The 2017 Chevrolet Silverado is unchanged from last year.
Like Bill Murray or wine, a little age hasn't hurt it. So we say it's handsome, inside and out, and give it a 7 out of 10 on our style scale. (Read more about how we rate cars.)
Up front, the Silverado is tall and blunt, taking inspiration from the heavy-duty line from Chevy, which in turn, look like big rigs to us. The result is an aggressive look that only gets more pronounced on special edition trims. The high shoulders and squared-off appearance are sharp enough to set your watch to, and squared-off wheel wells finish the design.
Despite the brick-in-the-wind look, the Silverado is actually more aerodynamic than its predecessors, and active grille shutters help smooth the airflow across the front to maximize fuel economy.
Inside, the layout is simple and the ambiance is refreshingly refined. GM has resisted the urge to make the interior of its trucks either more complex or even lower and more car-like. The instrument panel is upright and simplified, with controls clustered either just to the left of the steering wheel or in a large, upright center-console area, and GM has aimed to make all the knobs, buttons, and interfaces easy to read and operate even with work gloves on. This also helps the ungloved who just want to change a setting with only a glance at the controls. Most materials are of high quality, with most touchpoints made of soft rubber.
Handsome, inside and out, the Chevrolet Silverado would be at home in any valet lot.
All the greasy bits in the 2017 Chevrolet Silverado 1500 are the same as last year.
Under the hood are three available engines that can be paired to two different automatic transmissions. Rear axle ratios will change depending on powertrain configurations and towing needs, and all trucks can be equipped with rear- or four-wheel drive.
The people's choice is still the 5.3-liter V-8 wedged in the middle, which is a confident and quick engine. It's paired to a smooth shifting 8-speed automatic that complements the Silverado's good ride. It's an 8 out of 10 on our performance gauge. (Read more about how we rate cars.)
Pickup truck powertrains can be as complex as their trims and accessories, so an open mind and plenty of coffee are suggested before picking what setup is best for you.
Base trucks are equipped with a 4.3-liter V-6 that makes 285 horsepower and 305 pound-feet of torque. That engine is essentially a V-8 with two cylinders lopped off with a balance shaft design that helps smooth the rougher edges. We say the V-6 has enough muscle for most light-duty jobs, including hauling a weekend boat or a trailer full of snowmobiles or ATVs. We towed a 4,700-pound camper with the V-6 and didn't blink merging into high-speed traffic or maintaining speed up steep grades.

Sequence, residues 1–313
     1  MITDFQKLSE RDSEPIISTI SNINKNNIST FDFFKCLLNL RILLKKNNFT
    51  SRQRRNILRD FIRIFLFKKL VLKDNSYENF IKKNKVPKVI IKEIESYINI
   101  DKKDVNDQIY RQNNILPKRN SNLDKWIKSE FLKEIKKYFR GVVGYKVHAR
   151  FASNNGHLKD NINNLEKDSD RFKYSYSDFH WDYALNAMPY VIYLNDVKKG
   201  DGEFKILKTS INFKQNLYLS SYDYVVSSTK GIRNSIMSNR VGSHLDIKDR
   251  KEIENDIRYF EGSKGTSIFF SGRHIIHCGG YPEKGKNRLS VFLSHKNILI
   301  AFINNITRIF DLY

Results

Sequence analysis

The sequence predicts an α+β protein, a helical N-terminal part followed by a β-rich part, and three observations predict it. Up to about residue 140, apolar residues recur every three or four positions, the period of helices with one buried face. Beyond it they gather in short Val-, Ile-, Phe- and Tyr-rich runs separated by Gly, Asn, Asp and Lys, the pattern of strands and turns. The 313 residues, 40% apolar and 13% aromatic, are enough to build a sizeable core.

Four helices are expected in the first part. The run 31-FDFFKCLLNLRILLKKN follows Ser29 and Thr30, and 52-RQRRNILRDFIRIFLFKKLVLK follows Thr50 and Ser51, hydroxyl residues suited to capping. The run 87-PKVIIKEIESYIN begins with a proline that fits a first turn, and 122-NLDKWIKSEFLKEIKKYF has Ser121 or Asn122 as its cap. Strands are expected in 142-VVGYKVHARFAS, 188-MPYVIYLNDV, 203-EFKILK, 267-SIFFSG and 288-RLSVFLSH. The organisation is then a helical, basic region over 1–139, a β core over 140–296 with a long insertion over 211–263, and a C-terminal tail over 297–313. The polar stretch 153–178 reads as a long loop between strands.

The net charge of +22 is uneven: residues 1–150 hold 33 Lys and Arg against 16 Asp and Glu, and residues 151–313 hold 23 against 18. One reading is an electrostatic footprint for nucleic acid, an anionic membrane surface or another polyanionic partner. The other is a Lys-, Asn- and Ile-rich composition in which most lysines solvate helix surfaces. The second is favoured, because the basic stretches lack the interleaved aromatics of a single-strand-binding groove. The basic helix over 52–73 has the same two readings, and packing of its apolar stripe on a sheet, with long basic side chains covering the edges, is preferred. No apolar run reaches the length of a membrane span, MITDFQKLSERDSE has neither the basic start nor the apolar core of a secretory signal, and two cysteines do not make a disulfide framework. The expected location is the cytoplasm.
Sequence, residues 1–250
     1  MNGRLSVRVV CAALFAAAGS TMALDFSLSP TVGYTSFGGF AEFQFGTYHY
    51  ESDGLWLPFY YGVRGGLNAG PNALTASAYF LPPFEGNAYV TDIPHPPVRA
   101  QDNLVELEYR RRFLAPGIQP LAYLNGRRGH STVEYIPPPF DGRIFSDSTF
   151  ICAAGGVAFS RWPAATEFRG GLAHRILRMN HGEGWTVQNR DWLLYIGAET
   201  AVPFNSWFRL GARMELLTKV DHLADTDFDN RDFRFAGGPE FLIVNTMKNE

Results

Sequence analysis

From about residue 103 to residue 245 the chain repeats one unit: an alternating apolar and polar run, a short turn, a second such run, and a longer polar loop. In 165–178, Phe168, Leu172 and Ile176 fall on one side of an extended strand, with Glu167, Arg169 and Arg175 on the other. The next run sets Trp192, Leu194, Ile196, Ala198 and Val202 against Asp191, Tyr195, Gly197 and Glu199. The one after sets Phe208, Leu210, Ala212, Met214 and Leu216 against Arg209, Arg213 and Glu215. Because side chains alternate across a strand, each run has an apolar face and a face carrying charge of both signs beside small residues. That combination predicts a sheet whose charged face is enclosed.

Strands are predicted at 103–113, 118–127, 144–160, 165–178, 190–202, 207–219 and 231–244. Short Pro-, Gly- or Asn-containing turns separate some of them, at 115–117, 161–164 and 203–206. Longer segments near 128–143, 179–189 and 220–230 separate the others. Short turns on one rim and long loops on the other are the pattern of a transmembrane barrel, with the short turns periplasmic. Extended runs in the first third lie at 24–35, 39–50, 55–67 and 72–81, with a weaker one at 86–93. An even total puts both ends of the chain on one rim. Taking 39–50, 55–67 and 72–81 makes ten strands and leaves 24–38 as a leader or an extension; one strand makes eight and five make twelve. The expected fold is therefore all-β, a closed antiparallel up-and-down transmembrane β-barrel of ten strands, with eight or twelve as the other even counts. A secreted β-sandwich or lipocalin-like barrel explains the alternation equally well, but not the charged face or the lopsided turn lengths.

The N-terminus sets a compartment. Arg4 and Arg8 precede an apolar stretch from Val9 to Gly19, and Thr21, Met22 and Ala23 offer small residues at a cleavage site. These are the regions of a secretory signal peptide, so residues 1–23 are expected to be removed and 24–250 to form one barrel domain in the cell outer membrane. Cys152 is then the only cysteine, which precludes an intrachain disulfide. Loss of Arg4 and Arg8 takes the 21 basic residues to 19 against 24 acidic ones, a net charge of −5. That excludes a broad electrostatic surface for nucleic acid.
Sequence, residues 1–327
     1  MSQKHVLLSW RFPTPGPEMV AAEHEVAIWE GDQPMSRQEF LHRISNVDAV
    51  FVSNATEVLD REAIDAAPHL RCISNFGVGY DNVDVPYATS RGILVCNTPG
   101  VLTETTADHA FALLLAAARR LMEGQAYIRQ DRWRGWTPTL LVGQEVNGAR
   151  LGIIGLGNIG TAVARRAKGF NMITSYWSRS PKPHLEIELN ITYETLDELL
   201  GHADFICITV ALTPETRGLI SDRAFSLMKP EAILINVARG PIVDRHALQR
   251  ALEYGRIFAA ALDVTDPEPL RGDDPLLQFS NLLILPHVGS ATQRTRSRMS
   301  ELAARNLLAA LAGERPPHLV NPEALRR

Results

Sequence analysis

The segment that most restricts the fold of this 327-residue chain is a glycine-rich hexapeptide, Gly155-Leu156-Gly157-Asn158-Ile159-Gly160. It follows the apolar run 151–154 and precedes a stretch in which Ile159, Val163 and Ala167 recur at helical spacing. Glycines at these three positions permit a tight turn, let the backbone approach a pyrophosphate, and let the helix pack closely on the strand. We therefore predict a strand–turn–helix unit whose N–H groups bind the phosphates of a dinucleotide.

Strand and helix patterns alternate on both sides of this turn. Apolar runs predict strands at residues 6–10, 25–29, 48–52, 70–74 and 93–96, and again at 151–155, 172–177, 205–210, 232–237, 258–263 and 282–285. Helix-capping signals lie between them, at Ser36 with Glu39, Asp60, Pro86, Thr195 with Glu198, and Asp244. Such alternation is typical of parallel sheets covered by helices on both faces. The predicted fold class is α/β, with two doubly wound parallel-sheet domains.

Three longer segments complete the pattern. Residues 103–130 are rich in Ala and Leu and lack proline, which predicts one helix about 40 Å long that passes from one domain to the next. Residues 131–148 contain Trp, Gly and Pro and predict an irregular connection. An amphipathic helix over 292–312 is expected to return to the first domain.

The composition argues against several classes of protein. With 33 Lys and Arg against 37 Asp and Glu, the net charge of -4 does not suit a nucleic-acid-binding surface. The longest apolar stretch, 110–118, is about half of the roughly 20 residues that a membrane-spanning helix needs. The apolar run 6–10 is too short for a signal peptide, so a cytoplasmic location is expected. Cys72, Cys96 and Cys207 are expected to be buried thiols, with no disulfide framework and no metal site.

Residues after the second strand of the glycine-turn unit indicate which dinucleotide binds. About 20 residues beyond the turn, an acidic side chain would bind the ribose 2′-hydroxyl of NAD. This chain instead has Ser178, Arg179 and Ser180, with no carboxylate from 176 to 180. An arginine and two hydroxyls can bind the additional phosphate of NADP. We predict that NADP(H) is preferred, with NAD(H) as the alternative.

The 5.3-liter V-8 is the mainstream pick and makes a meaty 355 hp and 383 lb-ft of torque. When equipped, it can tow up to 11,500 pounds, and is mated to a 6-speed automatic, or 8-speed automatic in LTZ and High Country trims.
Top-trimmed trucks can stuff a 6.2-liter V-8 under the hood that makes 420 hp and 460 lb-ft, but we're not sure that's the answer for many drivers. Fuel economy is predictably the lowest in those trucks, and unladen, the trucks can have a fair bit of suspension hop that spoils the Silverado's ride.
All three engines sport Chevy's cylinder deactivation technology that can shut down all but four cylinders in the engine in low-load situations, such as highway cruising, coasting, or deceleration. An active exhaust system makes up for the required change in back pressure when the switch occurs, and also does its best to keep the associated pulses from being felt or heard by occupants.
We've found the ride to be good in the Silverado, despite its less cushy setup than the Ram 1500. Chevy's electric power steering system is nicely weighted too, without over-boosting like other models.
Two V-8s are available, but we say give the Silverado's V-6 a spin—you might be surprised with its power.
The 2017 Chevrolet Silverado doubles as the office for many buyers, relying on those trucks to carry heavy loads for long distances or shuttle from job site to job site, carrying files, people, or a combination of both.
It's very comfortable for most passengers—depending on cab configuration—and its utility is without question. We're even giving the Silverado a bonus point for its open bed (which we award to most pickups) and will make you the most popular person on the block when it's time to move. It earns an 8 out of 10 on our comfort scale. (Read more about how we rate cars.)